Raising “Big Oil’s” taxes will cost jobs and hurt the economy

In his State of the Union address on Tuesday, President Obama pledged to “keep cutting red tape and speeding up new oil and gas permits“ because he recognizes the vast economic contributions our industry makes in terms of creating jobs, generating tax revenues and strengthening America’s energy security.

But almost immediately after the president’s remarks, one U.S. senator introduced legislation that would undercut the oil and gas industry’s ability to invest in and find new sources of energy.

The bill’s sponsor calls it the “Close Big Tax Loopholes Act of 2013,” but other than getting the year right the title is misleading in every way. In fact, the whole bill is based on a collection of distortions about the industry and our tax treatment, and its provisions are predicated on a false claim that we receive special favors from Washington.

Far from removing tax loopholes and subsidies, this proposal would raise taxes on a select few companies, not to mention their millions of shareholders. Even the bill’s sponsor admits it is meant to target five large companies specifically: ExxonMobil, Shell, Chevron, BP and ConocoPhillips.

I’ve made this point many times before, but I’ll make it once more: The “loopholes” and “subsidies” our industry allegedly receives are anything but. Numerous independent fact-checkers have found that this language is inaccurate and false. (And, incidentally, some of our critics agree.)

Raising taxes only on oil and gas

Take provisions like the Section 199 deduction for domestic production activities … or deductions that “cover the cost of doing business and earning income to tax in the first place” (as The Wall Street Journal put it) … or even rules that prevent double taxation on income earned outside the United States – these are standard tax provisions that apply to American companies across a wide array of industries.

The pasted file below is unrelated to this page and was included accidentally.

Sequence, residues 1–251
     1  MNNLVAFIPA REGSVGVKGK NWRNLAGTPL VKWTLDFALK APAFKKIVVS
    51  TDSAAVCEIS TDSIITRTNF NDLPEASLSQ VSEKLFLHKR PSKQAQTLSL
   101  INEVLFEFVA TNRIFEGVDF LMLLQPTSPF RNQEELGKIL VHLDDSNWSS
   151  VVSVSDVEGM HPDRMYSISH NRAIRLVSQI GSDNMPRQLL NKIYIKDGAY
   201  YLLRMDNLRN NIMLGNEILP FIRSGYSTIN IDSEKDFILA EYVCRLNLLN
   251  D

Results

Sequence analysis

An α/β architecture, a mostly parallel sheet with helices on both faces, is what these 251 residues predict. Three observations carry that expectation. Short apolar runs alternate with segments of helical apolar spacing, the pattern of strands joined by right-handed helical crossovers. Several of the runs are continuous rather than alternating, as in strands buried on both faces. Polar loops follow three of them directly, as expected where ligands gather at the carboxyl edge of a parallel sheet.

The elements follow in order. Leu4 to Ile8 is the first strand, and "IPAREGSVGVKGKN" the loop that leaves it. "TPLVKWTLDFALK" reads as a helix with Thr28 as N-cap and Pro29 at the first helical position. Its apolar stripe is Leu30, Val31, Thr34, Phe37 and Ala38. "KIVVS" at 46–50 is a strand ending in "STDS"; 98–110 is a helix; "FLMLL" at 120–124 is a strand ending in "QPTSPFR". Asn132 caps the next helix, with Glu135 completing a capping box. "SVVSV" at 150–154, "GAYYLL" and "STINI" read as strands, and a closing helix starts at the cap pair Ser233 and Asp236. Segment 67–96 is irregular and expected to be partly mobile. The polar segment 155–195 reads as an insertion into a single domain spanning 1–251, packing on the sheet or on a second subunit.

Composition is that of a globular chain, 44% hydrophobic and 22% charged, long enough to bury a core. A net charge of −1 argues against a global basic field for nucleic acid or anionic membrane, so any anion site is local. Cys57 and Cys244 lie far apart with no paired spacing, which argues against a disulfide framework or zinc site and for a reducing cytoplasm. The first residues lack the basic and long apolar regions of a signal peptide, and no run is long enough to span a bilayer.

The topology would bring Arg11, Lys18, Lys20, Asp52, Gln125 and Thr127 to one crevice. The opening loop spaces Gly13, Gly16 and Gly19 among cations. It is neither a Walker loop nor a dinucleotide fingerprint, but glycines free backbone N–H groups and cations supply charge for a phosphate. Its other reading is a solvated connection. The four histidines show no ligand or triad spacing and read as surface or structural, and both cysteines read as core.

Yet these are the very provisions singled out by those claiming to want to end supposed loopholes for oil companies. To deny the availability of these provisions to just a handful of companies is the same thing as raising taxes on only those companies.

The truth about the oil and gas industry is that we pay a lot in taxes – more than $86 million per day to the federal government in both income taxes and production fees. And as the American Petroleum Institute points out, “U.S. oil and natural gas companies pay considerably more in taxes than the average manufacturing company. In 2011 income tax expenses (as a share of net income before income taxes) averaged 40.6 percent, compared to 25.1 percent for other S&P Industrial companies.”

The irony is that there are plenty of energy companies receiving subsidies in the form of direct grants and other favoritism from government. But these are usually “green energy” companies whose ability to compete is unproven, or whole industries that are kept afloat by government mandates requiring consumers to buy their products.

Do “Big Oil” companies like ExxonMobil get special treatment from Washington? Only in the form of punitive, targeted attempts to penalize a handful of large, investor-owned entities. Those policies would single out our peers and us from how virtually every other American manufacturer or producer is treated under the federal tax code.

There are a lot of reasons to think this is bad economic policy. More than that, we should always be wary of efforts that single out one industry – or even a handful of companies within one industry – for special tax punishment.